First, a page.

The facts confirm that Americans are living in historic times. Thursday, the United States House of Representatives voted 232 to 196 to proceed with rules on the impeachment inquiry into President Donald Trump. It fell mainly along party lines, representing the political polarization of the country.
The vote signals a critical new phase in the investigation, coming on the heels of testimony by career public servants who have described quid pro quo pressure by the president and several members of his team on the country of Ukraine. They describe a shadow foreign policy designed to force Ukraine’s new president, Volodymyr Zelensky, to provide dirt (real or manufactured) on Trump’s perceived political opponent Joe Biden, running as a 2020 candidate for president.
Critical military aid, already approved by Congress to help Ukraine in its defense against the Russian invasion of its eastern territories, was delayed, critics say to force Zelensky to cooperate.
The 232 to 196 vote was taken to approve a resolution setting out rules for an impeachment process. Rules that Speaker of the House Nancy Pelosi says are more lenient than the rules for either of the past two impeachments inquires of a sitting president in the modern era. A year out from the 2020 elections, the inquiry promises to take up a good deal of the public’s attention.
Democrats resisted taking the vote for months. Republicans, who have spent the past two weeks during the closed-door interview process (interviews which appear to confirm what the whistleblower reported) complaining not about the startling revelations, but about the process. But when the vote was called, they then reversed themselves and voted against the public process.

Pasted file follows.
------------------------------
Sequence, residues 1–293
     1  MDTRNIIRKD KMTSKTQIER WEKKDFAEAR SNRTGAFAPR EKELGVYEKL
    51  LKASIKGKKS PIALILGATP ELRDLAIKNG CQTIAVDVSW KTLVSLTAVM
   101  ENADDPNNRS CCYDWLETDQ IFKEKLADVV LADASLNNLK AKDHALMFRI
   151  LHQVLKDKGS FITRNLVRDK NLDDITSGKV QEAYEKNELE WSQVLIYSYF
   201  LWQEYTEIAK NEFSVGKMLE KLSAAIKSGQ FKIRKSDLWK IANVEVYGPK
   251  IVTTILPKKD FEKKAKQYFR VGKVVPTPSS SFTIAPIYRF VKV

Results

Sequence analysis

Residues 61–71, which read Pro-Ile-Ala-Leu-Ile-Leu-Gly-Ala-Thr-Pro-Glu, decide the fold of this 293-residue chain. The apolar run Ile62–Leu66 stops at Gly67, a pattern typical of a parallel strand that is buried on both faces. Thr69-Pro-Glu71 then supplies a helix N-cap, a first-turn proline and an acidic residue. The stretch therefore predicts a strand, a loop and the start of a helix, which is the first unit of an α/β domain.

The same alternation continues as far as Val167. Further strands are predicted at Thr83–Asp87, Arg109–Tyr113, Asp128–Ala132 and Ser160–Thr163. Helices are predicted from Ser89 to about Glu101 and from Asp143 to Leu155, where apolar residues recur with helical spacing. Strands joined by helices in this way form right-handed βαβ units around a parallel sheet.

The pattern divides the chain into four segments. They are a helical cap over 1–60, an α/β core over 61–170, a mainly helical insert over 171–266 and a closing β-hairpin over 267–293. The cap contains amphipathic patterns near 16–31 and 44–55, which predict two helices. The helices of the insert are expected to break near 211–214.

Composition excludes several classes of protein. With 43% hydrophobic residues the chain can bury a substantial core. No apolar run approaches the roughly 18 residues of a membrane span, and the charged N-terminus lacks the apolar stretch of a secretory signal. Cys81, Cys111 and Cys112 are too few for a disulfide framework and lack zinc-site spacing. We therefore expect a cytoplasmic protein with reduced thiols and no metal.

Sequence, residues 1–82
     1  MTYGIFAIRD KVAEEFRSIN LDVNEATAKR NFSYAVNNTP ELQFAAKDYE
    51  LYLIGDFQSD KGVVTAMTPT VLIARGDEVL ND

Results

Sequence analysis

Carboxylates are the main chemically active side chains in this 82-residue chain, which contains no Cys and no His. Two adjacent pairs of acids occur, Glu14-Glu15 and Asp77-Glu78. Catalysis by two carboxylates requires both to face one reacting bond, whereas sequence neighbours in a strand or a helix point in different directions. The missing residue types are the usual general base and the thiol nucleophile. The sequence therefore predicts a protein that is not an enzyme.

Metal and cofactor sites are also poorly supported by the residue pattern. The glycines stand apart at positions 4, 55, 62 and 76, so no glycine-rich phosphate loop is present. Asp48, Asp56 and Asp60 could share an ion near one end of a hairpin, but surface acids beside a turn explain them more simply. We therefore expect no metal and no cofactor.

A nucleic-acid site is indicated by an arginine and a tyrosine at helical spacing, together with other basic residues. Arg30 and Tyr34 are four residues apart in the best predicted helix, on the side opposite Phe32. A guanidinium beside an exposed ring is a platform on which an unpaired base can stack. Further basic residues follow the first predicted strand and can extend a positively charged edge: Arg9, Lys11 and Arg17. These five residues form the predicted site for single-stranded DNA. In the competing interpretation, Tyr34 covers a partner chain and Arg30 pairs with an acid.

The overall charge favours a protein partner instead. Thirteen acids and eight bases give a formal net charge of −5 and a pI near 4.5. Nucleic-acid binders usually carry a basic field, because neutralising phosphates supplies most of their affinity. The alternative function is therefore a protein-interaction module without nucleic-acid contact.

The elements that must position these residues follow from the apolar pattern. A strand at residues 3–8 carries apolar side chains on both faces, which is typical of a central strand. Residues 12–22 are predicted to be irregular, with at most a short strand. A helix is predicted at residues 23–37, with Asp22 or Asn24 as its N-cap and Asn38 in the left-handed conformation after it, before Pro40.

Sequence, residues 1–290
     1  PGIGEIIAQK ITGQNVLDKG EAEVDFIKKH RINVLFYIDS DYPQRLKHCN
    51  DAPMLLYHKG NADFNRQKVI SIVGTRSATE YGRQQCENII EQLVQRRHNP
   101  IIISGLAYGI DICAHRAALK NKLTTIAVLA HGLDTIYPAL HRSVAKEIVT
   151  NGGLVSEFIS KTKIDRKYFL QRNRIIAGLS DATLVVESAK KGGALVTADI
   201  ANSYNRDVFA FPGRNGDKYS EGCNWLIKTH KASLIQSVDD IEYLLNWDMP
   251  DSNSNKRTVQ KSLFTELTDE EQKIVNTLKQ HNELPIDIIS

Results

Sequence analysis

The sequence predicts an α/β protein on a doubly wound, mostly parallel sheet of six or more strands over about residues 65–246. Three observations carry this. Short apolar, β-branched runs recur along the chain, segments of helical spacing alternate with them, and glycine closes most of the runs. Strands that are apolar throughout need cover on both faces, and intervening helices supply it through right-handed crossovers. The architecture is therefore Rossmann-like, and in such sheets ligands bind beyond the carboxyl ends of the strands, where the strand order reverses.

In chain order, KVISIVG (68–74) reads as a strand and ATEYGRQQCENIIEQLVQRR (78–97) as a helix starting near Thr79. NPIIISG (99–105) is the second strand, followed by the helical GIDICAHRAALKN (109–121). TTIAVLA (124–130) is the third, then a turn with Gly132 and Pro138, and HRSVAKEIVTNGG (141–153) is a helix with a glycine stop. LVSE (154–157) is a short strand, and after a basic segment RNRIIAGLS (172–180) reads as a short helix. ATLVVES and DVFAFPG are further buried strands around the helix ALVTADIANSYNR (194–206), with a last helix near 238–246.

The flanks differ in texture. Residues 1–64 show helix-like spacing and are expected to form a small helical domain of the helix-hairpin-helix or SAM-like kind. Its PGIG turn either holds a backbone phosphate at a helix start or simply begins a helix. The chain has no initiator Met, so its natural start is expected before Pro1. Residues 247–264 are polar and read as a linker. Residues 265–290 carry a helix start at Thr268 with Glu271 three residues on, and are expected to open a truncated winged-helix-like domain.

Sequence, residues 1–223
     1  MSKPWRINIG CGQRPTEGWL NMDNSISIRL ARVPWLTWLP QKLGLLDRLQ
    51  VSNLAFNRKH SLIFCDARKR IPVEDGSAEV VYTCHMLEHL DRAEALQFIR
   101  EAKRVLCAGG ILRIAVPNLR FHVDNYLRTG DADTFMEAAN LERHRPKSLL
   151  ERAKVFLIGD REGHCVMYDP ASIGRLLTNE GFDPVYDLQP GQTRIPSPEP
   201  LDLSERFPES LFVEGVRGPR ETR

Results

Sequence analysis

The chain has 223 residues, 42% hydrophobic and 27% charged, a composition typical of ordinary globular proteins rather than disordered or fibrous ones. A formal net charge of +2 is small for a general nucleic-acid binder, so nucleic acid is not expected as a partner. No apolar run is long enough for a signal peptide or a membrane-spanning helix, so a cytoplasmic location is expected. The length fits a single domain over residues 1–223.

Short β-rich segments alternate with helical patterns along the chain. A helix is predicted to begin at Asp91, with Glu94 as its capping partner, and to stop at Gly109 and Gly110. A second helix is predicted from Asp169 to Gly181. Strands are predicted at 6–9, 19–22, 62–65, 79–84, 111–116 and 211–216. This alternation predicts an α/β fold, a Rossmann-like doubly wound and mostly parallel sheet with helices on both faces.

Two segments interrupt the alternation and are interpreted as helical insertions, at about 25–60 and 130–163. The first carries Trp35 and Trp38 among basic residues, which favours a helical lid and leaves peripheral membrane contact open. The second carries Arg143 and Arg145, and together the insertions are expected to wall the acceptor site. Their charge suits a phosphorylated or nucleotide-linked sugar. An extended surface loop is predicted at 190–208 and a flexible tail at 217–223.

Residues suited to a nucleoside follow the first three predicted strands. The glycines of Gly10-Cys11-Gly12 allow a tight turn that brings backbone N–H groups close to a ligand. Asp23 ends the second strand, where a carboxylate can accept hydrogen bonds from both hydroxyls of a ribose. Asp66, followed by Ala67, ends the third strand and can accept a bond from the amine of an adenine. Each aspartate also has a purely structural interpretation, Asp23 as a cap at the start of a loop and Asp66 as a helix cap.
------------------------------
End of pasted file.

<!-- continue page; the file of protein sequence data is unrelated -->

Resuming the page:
Both parties are in uncharted territory. It appears Republicans are no longer Constitutional conservatives. Their active support of an imperial presidency has been called “greatly concerning” by Rep. Ted Deutch (D-Florida), something that our founders sought to mitigate when they purposely balanced the powers of the federal government among the various branches of government. HE went on ot add” Defending the constitution has never been a partisan issue.”
Republican loyalists have begun to question the patriotism and loyalty of those career public servants, including former and current military officers, State Department and National Security Administration officials, who have stepped forward to provide credible testimony of the actions of the office of the president.
In a case of catty theater, Fox News host Laura Ingraham, herself the parent of two children adopted from Russia, went so far as to question the patriotism of NSA Russian expert and active military Lt. Colonel Alexander Vinman, who testified earlier this week. His Jewish family immigrated to the U.S. from Ukraine (then part of the Soviet Union) when he was just 3. He has served 25 years in the U.S. military, including tours in Iraq, where he was wounded.
The United States Constitution is a brilliant piece of legal work that divides authorities equally among the branches of government. Each branch — executive, judicial and legislative — has its own roles.
For instance, while the president is the commander in chief, only the Senate can confirm judges, while the House of Representatives is given the power to conduct impeachments. The Constitution reads: “The House of Representatives … shall have the sole Power of Impeachment. … The President, Vice President and all civil Officers of the United States, shall be removed from Office on Impeachment for, and Conviction of, Treason, Bribery, or other high Crimes and Misdemeanors.”
Whatever happens next may well reshape the nation’s political landscape.